Felt tips and feelings: Posters
Date: Sept. 25, 2001
Offer Outlet After Tragedies
By: Marianne Kunnen-Jones
Phone: (513) 556-1826
Archive: Campus News
First the streets of Cincinnati erupted in riots in April. Then on Sept. 11, terrorists steered airliners into the World Trade Center and Pentagon, crashed another in Pennsylvania and left the nation and the world in a state of shock. All of these events, though different in impact, give rise to an inner turmoil of emotions that can be difficult for us to voice -- or even put into words.
A UC professor of social work has found a way to literally draw these feelings out, using magic markers, ink, pencil and scraps of cardboard boxes. Right after the riots began, Steve Sunderland, professor of social work and expert on grief counseling, picked up a pen and piece of cardboard to jot out his own feelings. Since then, he has created stacks of graffiti-like corrugated posters, borrowing on an approach he observed in a Louisville exhibit of works by African American artist Jacob Lawrence. Although the posters started out with the Cincinnati riots, they now also encompass the indescribable emotion of the recent terrorist attacks.
While Sunderland stresses the two events - the riots and the terrorist attack - are very different, they do have some points in common. In both cases, but even more so with the terrorist attacks, Sunderland said, "I think we are largely overwhelmed. We are in shock and don't know what the appropriate response is."
He also believes that both involve common elements of fear and prejudice. "There is a fear that Cincinnati has become too dangerous a place. I hear a lot of white people saying that they think African Americans have taken over and are running the city into the ground. And I think what I am hearing this week is that the world is no longer safe, that the Arabs have taken over and are running the world into the ground. I think it will in fact escalate as our fears inflate, and we don't really know who our enemy is," said Sunderland, who is the co-founder of the well-known Fernside Center for Grieving Children in Norwood, Ohio.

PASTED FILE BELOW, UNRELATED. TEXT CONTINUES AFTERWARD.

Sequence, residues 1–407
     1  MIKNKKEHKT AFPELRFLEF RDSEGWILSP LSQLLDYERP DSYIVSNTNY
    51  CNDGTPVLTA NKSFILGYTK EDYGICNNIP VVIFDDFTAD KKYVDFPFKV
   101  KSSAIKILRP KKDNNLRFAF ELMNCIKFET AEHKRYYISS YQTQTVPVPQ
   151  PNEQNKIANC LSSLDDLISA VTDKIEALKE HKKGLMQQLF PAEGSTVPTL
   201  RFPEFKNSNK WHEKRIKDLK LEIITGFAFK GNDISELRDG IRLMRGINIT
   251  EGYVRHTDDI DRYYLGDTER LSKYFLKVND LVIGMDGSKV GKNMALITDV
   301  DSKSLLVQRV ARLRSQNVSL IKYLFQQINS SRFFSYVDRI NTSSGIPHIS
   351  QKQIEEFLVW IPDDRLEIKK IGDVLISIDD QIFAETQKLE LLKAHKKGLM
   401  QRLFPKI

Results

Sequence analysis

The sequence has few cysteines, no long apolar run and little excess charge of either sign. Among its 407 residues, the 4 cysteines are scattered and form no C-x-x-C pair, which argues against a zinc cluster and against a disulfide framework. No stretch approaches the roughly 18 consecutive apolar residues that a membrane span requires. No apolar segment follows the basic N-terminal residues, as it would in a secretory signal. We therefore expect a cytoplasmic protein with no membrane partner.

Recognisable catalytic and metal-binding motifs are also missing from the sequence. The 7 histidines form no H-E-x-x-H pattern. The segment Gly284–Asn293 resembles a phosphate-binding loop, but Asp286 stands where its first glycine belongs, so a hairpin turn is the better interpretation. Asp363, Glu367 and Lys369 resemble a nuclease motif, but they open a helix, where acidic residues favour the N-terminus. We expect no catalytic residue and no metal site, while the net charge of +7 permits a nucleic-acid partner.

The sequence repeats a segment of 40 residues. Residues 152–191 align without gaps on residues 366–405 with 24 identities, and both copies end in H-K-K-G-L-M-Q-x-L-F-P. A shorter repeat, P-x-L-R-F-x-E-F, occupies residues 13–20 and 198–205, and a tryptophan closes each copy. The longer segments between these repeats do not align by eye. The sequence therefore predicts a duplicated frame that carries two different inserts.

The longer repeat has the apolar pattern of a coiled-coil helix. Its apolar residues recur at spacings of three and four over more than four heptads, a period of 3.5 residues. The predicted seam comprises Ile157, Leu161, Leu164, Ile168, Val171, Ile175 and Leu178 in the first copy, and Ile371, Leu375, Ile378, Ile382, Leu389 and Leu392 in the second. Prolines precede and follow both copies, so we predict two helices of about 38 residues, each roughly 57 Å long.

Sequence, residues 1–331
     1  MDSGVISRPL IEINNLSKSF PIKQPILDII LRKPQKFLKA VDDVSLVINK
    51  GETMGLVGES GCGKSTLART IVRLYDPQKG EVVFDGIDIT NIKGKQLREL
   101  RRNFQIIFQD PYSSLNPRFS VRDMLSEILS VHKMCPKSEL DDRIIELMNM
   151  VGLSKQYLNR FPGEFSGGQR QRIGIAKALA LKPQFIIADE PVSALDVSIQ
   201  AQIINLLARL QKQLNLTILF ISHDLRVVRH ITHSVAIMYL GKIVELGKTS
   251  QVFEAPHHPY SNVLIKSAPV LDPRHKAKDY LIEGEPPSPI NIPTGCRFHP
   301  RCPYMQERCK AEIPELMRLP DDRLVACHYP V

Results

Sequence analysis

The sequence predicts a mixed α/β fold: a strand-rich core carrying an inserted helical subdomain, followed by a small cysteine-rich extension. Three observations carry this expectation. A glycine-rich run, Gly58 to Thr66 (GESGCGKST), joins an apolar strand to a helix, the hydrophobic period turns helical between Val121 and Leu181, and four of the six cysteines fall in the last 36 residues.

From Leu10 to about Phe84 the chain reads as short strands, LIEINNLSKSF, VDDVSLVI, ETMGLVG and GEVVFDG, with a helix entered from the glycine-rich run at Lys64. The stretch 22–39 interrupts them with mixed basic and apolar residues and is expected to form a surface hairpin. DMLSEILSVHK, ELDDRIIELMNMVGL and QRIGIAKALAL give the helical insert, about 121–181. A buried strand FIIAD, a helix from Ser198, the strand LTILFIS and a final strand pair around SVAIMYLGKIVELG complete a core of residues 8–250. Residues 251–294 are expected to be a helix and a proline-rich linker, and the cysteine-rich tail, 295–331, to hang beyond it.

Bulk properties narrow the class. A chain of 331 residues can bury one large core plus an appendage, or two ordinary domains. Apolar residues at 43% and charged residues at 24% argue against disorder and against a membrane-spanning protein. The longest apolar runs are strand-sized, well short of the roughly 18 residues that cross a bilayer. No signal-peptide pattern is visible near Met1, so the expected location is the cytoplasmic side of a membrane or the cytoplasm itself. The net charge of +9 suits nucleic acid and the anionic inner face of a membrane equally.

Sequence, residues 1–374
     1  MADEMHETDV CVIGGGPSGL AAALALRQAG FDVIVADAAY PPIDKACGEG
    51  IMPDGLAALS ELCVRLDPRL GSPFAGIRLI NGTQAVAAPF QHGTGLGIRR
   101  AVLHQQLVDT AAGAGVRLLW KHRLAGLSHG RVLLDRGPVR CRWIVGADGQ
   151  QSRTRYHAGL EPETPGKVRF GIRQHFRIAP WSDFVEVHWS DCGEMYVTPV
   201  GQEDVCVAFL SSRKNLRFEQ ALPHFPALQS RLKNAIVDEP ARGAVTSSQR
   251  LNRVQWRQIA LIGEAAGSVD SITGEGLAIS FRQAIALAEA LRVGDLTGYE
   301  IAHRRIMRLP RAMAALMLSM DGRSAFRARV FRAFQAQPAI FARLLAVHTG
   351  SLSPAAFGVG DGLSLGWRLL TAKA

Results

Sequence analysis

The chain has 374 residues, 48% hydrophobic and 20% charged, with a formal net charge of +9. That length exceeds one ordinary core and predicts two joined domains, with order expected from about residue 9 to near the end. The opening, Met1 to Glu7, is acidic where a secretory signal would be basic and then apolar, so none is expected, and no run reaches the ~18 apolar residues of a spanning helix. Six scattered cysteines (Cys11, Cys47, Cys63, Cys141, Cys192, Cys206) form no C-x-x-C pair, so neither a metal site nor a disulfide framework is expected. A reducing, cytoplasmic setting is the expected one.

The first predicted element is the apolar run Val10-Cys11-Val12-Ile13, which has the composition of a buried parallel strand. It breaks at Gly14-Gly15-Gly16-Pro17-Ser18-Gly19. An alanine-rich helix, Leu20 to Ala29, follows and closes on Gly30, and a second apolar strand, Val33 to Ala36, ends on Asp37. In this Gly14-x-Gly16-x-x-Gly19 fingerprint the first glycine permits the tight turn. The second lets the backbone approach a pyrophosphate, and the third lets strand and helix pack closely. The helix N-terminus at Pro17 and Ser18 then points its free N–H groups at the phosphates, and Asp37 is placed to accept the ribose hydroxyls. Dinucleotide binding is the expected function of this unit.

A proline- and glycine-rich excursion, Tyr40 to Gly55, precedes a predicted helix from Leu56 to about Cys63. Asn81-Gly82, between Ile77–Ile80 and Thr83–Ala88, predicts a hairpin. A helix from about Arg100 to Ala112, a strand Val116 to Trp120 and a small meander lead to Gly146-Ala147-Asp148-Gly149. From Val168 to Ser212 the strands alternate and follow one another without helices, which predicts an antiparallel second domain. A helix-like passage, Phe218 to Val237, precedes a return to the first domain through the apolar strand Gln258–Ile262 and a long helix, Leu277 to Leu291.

No matter what the reaction, Sunderland suggests that we all need to talk about our feelings. "We need to express our fears, and we need to do it in a supportive atmosphere, without fear of being judged."
When Sunderland first started making his own posters, he said, "I didn't know what to do with my feelings, my anger, my upset, my fear."
"What can be done to stop the violence?" asked one of his first posters after the Cincinnati unrest. Three weeks later, another asked: "Business as Usual?"
"It was still too soon...we were still in shock, we were moving to blame people and try to find some solutions, such as the 3,000 summer jobs for urban teens," said Sunderland.
"Back to Square 1," bleakly stated another of Sunderland's posters, not long after Week 3. It depicts six black squares with 1s inside, all labeled with different kinds of hate he could hear about every night on the news - hatred of other's race, hatred of other's religion, hatred of difference, hatred of all police, self hatred, and hatred of kids, elderly, gays and Jews.